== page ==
There was a stab at facilitation/mediation a couple of weeks ago....the discussion inside the room is supposed to be confidential so I'll refrain from blabbing. Suffice to say, both parties were encouraged to find a mid point, a meeting of minds, 'because it could take a while to get to court, and there's no guarantee of success.'
Peter's cheery departing comment to the room was ..."Oh well, see you all in two years!"
Hilary...the expense of all of this, the cost to the taxpayer for both sides of the issue, really causes me deep anger.
On the other hand....and have no doubt about it...Peter and I and the other plaintiffs all see this as an opportunity to expose, yet again, the total balls up the Ministry of Health has made of supporting disabled New Zealanders. All of us have had nightmarish engagements with the system...they're supposed to be supporting us not making our lives more difficult.
And speaking of the total balls up that is the Ministry of Health....did y'all catch these interviews on Natrad the other day?
I strongly believe there is a great deal of public interest in this kind of 'epic' in terms of years of injustice. The adage: 'justice delayed is justice denied' is to my mind abhorrent, and I suspect would be for most. Society is so focused these days on the eradication of bullying - our institutions ought to be a step above the rest - not the worst example of it. Bullying by the state - that's the way I'd frame it. Reminds me of some of the CHCH EQ issues, only you've been up against it longer, if I understand the timeline right.
I agree with you and Peter that some day there will be a formal Public Inquiry into this and wider disability issues - but many of these are set up arising from this type of specific case exposure.
Thank you, Rosemary and Peter. It will be better some day because of your commitment.
There was a session in Wellington to get the policy of political parties on physical accessibility of buildings among other things. National's representative astounded the group by saying that "love has consequences" when he was asked about the existing situation where a disabled person can lose their entire income if he or she moves in with a partner. This is a person/party so out of touch as to be inhuman.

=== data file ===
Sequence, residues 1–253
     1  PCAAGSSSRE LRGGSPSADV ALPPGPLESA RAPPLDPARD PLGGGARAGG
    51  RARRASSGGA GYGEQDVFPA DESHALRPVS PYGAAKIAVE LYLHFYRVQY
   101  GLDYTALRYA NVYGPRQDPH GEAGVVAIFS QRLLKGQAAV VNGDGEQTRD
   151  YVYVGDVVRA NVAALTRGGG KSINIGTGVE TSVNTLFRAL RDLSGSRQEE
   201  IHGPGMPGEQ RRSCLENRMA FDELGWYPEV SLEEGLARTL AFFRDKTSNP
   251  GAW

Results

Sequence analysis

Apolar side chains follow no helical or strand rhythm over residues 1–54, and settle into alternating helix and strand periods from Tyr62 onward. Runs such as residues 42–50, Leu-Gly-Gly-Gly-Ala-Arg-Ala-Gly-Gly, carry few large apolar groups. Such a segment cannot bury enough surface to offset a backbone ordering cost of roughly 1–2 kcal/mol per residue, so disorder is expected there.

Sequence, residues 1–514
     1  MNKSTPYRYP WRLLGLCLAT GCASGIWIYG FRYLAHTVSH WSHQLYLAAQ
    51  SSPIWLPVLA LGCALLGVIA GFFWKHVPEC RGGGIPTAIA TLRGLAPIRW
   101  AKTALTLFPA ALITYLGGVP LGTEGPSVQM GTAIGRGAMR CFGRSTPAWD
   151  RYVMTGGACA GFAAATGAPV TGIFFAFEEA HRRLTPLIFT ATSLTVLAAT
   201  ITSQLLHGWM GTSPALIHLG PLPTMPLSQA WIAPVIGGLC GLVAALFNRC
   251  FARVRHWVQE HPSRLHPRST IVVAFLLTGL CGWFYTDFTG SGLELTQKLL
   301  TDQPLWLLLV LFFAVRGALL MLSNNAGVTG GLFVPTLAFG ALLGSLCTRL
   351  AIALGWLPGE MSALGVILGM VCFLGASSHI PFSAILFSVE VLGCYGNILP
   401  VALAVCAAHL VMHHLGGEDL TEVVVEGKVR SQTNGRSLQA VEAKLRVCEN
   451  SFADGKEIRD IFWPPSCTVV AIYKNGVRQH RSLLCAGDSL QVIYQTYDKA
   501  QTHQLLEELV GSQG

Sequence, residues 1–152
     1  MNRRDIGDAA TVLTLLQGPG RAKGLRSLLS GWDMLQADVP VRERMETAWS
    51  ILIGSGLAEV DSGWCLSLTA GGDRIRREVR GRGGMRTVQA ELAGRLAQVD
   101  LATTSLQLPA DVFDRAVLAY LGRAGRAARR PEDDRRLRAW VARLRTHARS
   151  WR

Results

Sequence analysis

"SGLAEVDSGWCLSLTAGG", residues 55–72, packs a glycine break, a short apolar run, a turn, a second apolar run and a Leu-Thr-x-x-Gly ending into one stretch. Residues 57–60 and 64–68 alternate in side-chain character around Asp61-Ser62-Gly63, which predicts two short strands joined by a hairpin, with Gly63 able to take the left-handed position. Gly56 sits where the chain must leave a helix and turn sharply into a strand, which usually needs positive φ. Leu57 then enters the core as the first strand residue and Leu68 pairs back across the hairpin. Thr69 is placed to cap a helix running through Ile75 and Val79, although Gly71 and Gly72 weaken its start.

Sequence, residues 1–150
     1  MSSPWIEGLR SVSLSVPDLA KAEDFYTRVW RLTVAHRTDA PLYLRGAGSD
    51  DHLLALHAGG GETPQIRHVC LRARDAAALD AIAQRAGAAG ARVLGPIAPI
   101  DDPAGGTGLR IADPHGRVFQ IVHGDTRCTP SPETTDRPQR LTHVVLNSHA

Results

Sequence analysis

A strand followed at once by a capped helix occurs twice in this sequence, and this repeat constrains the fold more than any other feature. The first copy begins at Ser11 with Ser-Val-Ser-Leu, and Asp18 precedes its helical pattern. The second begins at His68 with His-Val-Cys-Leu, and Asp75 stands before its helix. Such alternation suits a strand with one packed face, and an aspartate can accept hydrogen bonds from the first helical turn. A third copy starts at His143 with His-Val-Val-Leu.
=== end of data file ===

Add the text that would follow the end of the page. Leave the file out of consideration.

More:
Vile policy has consequences, you’d hope – with an election coming up.
That was Wairarapa MP Alastair Scott, standing in for Nicky “out on the harbour” Wagner.
(N.B. Scott may have become the National rep at short notice — because bad weather prevented many of the scheduled reps from getting to Wellington — rather than just because Wagner had better things to do.)
It was a weird meeting because none of the speakers were the party spokespeople and two of them, Greg O'Connor (Labour) and Teall (Greens). aren't even MPs so had not been at any caucus discussions about the topic. So they had to find the last minute policy answers from papers they had been given that afternoon when both their party spokespeople were stuck at airports. They both did pretty well considering. Greg has an adult son with high needs and he has had a lot of experience with services for those with high and complex needs. Interestingly none of the party spokespeople talked much about rights which is strange as it was organised by DPA, a rights-based disabled people's organisation.
Nicky Wagner had told the organisers a while ago that she had a previous engagement and couldn't be there but I'm not quite sure why the MP for Wairarapa came long. The closest Nat MP to Wellington? He had sat on the select committee which had recently looked at accessible transport so maybe that was his expertise.
Ria Bond from NZ First was the best prepared. She has been taking over from Barbara Stewart who is retiring so had been learning about disability issues. Tracy Martin had just the day before put out their inclusive education policy. Ria Bond is a rare bright light in the NZ First party
There is another DPA meeting next month in Christchurch and I hope that they send along their actual spokespeople this time.
Thanks Hilary, I'll be going to that meeting.